Personal Tragedy, Publicly Shamed
In 2012 Maggie Baumer’s future looked bright. Fresh out of law school she was living in Manhattan and was practicing as an associate attorney at a prominent immigration law firm in the city. Having started her career as a mental health counselor on a psychiatric ward, she was embracing her new field, and was thriving in the world of law. And like many young professionals, she looked forward to letting loose after a stressful work week. That’s just what she was doing on October 27th, 2012.
Maggie lived on the first floor with windows that looked out into a courtyard. So her plan was to slide down the trash chute into the basement. From there she’d walk up the stairs into the courtyard, and crawl through her window.
Maggie looked down the chute and could see clear down to a light in the basement…or so she thought. So, as a friend looked on, she climbed in, and slid down.
Maggie didn’t see the trash compactor, hidden from view. As she turned around to go out feet, the machine locked down on her arm, unable to free herself, she called up in a panic to her friend, who dialed 911.
She was rushed to Bellevue Hospital where she underwent an 8 hour surgery to reattach her arm. Two days later, super storm Sandy hit. Bellevue was put on a backup generator and patients were evacuated. Maggie was sent two and half miles uptown to Weill Cornell Medical College. Her family, who traveled to the city to be with her, was stranded in Brooklyn, unable to see her. A week later she underwent a second surgery to reconstruct her elbow.
As Maggie endured all of this, something else was percolating. The day after her accident The New York Post carried the story with the headline “Drunk Lawyer Crushes Her Arm Trying To Get Into Her Chelsea Apartment.”
The picture accompanying the article was of Maggie, in a sunburned vacation shot wearing a tube top, her head cocked to the side, smiling at the camera. The story, and Maggie’s full name, job title, and picture, made their way to the New York Daily News, Business Insider, the media blog Gawker. The industry blog Above The Law ran with the headline: “A Recent Cardozo Law Grad Gets Trashed—Literally.” The story even spread internationally, and found its way into the Daily Mail Uk before Maggie was even out of the hospital.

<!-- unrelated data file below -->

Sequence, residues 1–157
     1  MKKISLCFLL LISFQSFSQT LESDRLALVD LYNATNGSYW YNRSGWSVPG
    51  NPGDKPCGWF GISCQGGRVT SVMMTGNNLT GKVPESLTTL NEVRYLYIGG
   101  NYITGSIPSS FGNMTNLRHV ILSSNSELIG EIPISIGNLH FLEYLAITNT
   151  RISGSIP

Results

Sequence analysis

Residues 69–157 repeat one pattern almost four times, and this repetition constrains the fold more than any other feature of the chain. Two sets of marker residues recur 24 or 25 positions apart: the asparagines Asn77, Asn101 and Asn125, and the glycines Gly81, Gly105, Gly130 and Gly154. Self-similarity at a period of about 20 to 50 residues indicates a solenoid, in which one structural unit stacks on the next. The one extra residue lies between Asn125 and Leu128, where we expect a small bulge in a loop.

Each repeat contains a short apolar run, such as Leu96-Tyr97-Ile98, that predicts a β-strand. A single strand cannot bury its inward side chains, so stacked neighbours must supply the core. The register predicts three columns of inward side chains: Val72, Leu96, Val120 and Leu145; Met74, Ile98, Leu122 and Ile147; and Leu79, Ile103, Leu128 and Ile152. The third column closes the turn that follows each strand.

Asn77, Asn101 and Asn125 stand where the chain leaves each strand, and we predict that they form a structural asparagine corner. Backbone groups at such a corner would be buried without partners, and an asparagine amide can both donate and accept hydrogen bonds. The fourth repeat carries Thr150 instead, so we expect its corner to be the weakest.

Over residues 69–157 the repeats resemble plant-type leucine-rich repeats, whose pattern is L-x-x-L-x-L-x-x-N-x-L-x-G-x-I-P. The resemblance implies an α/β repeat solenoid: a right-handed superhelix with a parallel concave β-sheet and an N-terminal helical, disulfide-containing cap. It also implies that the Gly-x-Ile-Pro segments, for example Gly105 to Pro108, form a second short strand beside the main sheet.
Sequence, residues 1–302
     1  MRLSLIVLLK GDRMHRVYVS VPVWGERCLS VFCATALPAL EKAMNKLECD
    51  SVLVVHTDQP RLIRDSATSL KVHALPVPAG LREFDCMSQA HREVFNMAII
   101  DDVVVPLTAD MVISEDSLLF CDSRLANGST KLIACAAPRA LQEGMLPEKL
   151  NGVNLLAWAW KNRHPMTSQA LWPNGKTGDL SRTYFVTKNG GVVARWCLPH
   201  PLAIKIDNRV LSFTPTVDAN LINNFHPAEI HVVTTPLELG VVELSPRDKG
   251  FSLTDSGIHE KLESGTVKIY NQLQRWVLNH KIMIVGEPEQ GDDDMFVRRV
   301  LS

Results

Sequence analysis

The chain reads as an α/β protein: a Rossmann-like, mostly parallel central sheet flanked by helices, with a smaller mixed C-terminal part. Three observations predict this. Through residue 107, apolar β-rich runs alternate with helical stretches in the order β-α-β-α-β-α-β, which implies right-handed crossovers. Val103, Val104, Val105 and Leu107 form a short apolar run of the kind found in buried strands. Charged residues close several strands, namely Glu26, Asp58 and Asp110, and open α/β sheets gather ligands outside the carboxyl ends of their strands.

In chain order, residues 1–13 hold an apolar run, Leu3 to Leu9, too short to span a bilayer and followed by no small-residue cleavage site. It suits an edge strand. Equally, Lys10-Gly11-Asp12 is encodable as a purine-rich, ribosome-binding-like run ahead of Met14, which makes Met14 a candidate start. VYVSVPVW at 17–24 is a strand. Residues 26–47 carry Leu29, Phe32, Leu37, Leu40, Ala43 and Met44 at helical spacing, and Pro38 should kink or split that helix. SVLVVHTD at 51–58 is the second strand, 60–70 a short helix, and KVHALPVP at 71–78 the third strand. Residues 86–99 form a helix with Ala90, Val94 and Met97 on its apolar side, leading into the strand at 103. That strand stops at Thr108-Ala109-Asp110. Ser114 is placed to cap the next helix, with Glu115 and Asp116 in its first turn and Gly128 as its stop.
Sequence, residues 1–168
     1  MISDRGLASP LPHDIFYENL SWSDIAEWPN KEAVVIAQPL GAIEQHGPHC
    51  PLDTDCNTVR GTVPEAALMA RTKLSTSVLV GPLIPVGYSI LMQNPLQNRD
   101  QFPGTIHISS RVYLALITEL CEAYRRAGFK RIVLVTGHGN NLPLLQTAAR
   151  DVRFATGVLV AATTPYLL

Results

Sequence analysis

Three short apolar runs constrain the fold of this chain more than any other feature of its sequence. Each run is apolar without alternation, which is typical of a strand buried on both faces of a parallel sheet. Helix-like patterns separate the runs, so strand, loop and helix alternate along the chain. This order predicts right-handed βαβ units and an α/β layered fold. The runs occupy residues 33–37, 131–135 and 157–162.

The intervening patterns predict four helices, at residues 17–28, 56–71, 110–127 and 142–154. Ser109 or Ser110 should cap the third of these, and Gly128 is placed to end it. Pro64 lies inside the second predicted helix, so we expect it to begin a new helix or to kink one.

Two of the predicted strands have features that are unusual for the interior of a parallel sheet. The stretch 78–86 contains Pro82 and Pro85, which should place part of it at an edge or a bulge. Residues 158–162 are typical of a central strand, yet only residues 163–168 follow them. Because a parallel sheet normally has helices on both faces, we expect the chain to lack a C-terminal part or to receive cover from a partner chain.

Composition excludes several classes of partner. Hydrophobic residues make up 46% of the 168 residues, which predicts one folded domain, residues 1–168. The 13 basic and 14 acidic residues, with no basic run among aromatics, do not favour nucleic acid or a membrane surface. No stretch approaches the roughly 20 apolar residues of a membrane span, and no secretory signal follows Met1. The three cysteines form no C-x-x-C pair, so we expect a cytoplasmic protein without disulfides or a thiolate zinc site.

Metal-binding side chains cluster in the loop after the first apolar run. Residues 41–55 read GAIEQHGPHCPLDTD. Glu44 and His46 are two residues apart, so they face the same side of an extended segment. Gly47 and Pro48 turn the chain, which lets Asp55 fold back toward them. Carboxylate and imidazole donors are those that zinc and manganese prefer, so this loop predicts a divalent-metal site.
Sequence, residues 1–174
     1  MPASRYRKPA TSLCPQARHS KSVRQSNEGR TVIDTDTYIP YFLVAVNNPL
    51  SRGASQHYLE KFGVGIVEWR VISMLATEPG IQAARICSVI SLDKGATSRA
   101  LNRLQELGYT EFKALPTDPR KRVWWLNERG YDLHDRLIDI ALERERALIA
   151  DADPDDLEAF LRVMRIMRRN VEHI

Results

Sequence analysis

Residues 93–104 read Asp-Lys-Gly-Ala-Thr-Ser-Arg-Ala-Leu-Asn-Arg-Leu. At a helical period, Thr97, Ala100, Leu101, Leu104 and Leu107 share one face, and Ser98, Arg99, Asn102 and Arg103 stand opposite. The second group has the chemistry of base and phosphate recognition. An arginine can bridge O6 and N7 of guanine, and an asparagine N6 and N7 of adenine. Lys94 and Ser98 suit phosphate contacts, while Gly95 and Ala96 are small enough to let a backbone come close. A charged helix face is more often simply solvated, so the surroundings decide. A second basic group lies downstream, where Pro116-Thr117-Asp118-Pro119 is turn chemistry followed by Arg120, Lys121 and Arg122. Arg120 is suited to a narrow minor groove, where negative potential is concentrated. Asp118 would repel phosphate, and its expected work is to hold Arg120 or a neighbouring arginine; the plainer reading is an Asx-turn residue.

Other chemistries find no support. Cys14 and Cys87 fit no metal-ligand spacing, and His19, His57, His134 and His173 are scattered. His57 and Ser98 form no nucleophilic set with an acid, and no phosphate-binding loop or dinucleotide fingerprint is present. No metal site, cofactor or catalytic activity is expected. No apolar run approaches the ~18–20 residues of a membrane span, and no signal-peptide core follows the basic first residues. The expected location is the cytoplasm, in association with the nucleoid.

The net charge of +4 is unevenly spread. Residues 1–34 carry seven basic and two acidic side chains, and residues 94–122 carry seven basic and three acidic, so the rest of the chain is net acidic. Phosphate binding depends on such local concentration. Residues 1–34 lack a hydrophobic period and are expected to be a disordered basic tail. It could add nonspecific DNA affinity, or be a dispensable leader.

But she was focused on other things, namely, the recovery of her hand. After more hospital visits, and several limb salvage surgeries Maggie’s veins clotted and her hand became necrotic. A month after the accident, Maggie’s hand, wrist and lower forearm were amputated. And as she recovered and set about adjusting to her new physical reality, the weight of the tabloid stories came down on her.
Two and a half years have passed since Maggie’s accident, and while her story was just a snide drop in the tabloid bucket , the incident changed her life in dramatic and profound ways. Her physical recovery is now complete, and she’s awaiting a new prosthesis, which should be arriving any day now. She left the law firm she worked for in New York, and after a year recuperating at home, she decided to stay, starting a new career working for a prosthetic company and working with other amputees. She is the President of the Board of Directors of Women's Voices Worldwide.